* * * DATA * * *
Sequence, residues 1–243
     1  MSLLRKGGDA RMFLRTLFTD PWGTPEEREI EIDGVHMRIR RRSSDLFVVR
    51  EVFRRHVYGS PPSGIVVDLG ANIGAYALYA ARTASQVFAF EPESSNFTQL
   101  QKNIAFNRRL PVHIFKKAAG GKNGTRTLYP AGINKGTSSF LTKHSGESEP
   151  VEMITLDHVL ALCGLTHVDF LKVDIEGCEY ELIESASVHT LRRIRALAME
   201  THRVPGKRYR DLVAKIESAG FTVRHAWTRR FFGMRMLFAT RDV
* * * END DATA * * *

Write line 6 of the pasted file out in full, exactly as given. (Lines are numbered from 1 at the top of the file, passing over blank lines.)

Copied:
   201  THRVPGKRYR DLVAKIESAG FTVRHAWTRR FFGMRMLFAT RDV